SEDBERGH (St. Andrew), a market-town and parish, in the W. division of the wapentake of Staincliffe and Ewcross, W. riding of York; containing, with the chapelries of Dent, and Garsdale with Grisdale, 4,836 inhabitants, of whom 2,268 are in the township of Sedbergh, 10 miles (E.) from Kendal, in Westmorland, 77 (W.N.W.) from York, and 260 (N. W. by N.) from London. The town is neatly built, and consists of one street. Two cotton-mills, the property of James Upton, Esq., of Akay Lodge (a beautiful residence), employ 250 hands, and are propelled by water-power: one of them, called Old Milthorpe, was erected in 1797; the other, Birks Mill, was built in 1802, burnt down in 1825, and rebuilt in 1828. A mill for coarse woollens employs 25 persons. The market is on Wednesday; and fairs for cattle are held on Feb. 26th, March 20th, April 20th, and October 29th. The parish lies in a mountainous district, on the rivers Rother or Rawthey, Dee, and Clough; and comprises by computation 50,000 acres, whereof more than 30,000 are uninclosed and moorland. In Sedbergh township are 22,521a. 2r. 25p., of which 14,550 acres are common or waste; 750 are arable, 383 woodland, and 32 glebe. The surface of the parish is boldly varied, and the scenery abounds with features of romantic grandeur, backed by the Howgill fells, rising majestically 2320 feet above the town. The four hamlets of Marthwaite, Frostrovv and Soolbank, Cautley and Dowbiggin, and Howgill with Bland, are in the township. The Lowgill station on the Lancaster and Carlisle railway is distant five miles north-westward from the town.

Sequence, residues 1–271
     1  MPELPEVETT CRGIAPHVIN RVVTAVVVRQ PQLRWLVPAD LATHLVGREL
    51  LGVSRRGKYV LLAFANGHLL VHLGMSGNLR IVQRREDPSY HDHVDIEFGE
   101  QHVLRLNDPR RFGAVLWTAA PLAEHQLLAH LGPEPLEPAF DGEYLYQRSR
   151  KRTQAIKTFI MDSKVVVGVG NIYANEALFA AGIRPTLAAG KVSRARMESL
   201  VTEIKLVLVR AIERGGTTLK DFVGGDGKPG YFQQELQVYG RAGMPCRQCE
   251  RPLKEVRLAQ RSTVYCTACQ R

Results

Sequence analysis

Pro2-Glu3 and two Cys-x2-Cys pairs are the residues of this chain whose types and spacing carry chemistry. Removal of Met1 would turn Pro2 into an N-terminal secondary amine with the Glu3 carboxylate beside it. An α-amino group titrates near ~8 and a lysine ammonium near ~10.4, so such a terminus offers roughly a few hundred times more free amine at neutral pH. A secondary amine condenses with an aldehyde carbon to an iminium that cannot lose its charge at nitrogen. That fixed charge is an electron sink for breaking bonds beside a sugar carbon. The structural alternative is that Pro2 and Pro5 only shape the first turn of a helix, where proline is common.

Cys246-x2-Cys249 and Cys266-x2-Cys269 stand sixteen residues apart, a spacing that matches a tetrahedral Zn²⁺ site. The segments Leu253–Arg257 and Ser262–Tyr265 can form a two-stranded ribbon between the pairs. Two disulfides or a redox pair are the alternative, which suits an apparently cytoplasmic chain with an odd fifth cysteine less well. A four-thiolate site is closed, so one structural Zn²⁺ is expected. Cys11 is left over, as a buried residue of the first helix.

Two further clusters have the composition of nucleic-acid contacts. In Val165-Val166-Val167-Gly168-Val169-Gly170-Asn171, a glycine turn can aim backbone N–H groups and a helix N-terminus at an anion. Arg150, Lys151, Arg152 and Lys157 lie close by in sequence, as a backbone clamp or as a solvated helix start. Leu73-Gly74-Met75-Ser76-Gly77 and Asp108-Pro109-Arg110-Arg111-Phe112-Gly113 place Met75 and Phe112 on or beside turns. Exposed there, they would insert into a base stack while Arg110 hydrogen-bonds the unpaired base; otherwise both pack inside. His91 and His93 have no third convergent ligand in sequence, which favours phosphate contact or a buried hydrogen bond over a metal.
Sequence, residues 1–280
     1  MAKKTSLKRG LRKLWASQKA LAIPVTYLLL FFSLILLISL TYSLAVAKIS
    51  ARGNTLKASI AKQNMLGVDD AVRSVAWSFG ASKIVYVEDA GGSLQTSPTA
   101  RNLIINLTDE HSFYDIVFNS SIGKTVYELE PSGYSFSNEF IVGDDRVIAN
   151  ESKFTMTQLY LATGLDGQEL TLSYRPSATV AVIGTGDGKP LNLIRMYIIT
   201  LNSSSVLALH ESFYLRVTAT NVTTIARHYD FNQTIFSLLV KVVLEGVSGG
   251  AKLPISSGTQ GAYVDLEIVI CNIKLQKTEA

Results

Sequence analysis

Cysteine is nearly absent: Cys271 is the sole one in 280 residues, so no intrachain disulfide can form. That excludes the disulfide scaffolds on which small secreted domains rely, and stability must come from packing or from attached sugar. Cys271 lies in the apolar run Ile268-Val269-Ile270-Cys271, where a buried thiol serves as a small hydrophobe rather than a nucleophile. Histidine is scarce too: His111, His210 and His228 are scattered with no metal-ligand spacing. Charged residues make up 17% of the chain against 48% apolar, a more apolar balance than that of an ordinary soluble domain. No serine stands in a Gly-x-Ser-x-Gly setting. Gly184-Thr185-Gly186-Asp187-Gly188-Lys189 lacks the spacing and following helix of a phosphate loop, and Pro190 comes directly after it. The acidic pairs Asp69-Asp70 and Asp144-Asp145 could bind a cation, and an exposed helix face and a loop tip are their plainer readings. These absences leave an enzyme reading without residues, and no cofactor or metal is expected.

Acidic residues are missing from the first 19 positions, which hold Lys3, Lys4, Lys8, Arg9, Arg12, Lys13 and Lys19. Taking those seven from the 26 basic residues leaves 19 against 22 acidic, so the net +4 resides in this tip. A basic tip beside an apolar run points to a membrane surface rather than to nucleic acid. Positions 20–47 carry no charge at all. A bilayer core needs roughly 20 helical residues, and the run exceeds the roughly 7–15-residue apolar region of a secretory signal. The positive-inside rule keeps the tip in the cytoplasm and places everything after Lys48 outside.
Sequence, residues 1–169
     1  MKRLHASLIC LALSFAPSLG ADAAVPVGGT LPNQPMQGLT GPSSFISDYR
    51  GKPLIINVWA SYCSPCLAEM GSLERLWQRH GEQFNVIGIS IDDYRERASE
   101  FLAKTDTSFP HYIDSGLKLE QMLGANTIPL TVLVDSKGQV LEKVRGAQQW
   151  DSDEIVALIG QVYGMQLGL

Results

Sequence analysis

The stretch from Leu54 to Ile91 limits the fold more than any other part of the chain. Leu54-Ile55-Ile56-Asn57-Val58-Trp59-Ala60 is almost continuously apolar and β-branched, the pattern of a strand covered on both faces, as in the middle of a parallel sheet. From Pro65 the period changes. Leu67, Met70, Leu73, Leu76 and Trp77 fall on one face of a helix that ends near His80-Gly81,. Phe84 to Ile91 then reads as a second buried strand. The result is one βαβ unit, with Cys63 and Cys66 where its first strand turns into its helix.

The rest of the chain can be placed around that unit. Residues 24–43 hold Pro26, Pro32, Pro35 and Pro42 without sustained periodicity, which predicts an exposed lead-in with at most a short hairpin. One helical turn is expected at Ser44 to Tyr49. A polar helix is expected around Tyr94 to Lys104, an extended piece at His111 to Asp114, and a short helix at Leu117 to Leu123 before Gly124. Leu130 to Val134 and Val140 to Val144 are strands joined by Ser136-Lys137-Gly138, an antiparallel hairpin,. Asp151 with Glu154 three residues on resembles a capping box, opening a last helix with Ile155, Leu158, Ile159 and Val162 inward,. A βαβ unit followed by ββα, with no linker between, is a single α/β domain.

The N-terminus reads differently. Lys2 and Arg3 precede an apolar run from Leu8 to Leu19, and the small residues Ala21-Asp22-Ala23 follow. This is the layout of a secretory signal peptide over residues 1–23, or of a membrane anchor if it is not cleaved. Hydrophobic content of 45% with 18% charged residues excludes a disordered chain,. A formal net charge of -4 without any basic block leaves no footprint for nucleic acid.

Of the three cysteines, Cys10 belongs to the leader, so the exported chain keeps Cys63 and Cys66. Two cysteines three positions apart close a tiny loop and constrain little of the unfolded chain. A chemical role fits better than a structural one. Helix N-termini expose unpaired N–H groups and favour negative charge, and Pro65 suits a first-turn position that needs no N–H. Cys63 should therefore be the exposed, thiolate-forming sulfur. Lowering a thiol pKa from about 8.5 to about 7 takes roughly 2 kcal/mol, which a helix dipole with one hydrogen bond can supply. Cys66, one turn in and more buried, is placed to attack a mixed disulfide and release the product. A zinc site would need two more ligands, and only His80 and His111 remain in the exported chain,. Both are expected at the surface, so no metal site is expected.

The living is a discharged vicarage, valued in the king's books at £12. 8.; net income, £184, with a house; patrons and impropriators, the Master and Fellows of Trinity College, Cambridge. The vicarial tithes of the township have been commuted for £129, and the glebe consists of 32 acres. The church, from its Norman arches and piers, is evidently of ancient date; but seems to have been partially rebuilt, the windows being all of a debased character: a baptismal window of stained glass by Wailes, of Newcastle, was presented in 1844, by a stranger. The font, a beautiful specimen of Garsdale marble, has been restored; and marble steps to the altar have been added by the Rev. G. Platt, the vicar. At Cautley, Dent, Garsdale, and Howgill, are other incumbencies. There are places of worship for Independents, Methodists, and the Society of Friends.
The free grammar school was originally founded by Roger Lupton, D. D., provost of Eton College in the reign of Henry VII.; and the lands with which it was endowed having been sequestrated by Henry VIII., the school was refounded by Edward VI., who endowed it with the estates belonging to several dissolved chantries. The management of the property is vested in twelve governors, who reside in the township, and by whom the whole of the rents, about £600 per annum, are paid to the head master, the usher receiving out of them £100 yearly. The school is free to boys from any parish on the payment of entrance fees and "cockpennies." The appointment of the master belongs to the Master and Fellows of St. John's College, Cambridge, where are three fellowships and ten scholarships appropriated to students from this school; there is an exhibition to either of the universities, for natives of the township, and the school sends a candidate for Lady Hastings' exhibitions. The present head master is the Rev. J. H. Evans, M. A. About £90 per annum are distributed to poor householders in the township, not receiving parochial relief, at Easter and Christmas; £15 per annum are given to poor children at Whitsuntide, for clothing, and about £8 are expended in bread for the poor. These sums are paid from bequests left in small sums from time to time, and invested in real property. The remains of a camp are visible round a conical hill called Castle How Tower; and as a curiosity of the neighbourhood may be mentioned Dowker Fell cave, of considerable extent, with a stream of water passing through: the roof, however, is broken in the centre.